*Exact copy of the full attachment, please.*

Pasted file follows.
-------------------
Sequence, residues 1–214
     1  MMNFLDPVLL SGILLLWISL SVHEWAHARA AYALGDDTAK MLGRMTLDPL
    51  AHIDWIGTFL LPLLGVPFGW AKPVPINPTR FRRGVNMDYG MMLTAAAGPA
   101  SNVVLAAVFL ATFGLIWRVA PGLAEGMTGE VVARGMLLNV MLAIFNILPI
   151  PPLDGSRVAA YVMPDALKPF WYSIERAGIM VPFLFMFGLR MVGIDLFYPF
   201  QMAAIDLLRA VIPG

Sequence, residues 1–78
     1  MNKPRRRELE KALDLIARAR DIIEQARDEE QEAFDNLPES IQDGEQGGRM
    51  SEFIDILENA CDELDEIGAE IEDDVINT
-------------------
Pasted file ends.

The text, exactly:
Sequence, residues 1–214
     1  MMNFLDPVLL SGILLLWISL SVHEWAHARA AYALGDDTAK MLGRMTLDPL
    51  AHIDWIGTFL LPLLGVPFGW AKPVPINPTR FRRGVNMDYG MMLTAAAGPA
   101  SNVVLAAVFL ATFGLIWRVA PGLAEGMTGE VVARGMLLNV MLAIFNILPI
   151  PPLDGSRVAA YVMPDALKPF WYSIERAGIM VPFLFMFGLR MVGIDLFYPF
   201  QMAAIDLLRA VIPG

Sequence, residues 1–78
     1  MNKPRRRELE KALDLIARAR DIIEQARDEE QEAFDNLPES IQDGEQGGRM
    51  SEFIDILENA CDELDEIGAE IEDDVINT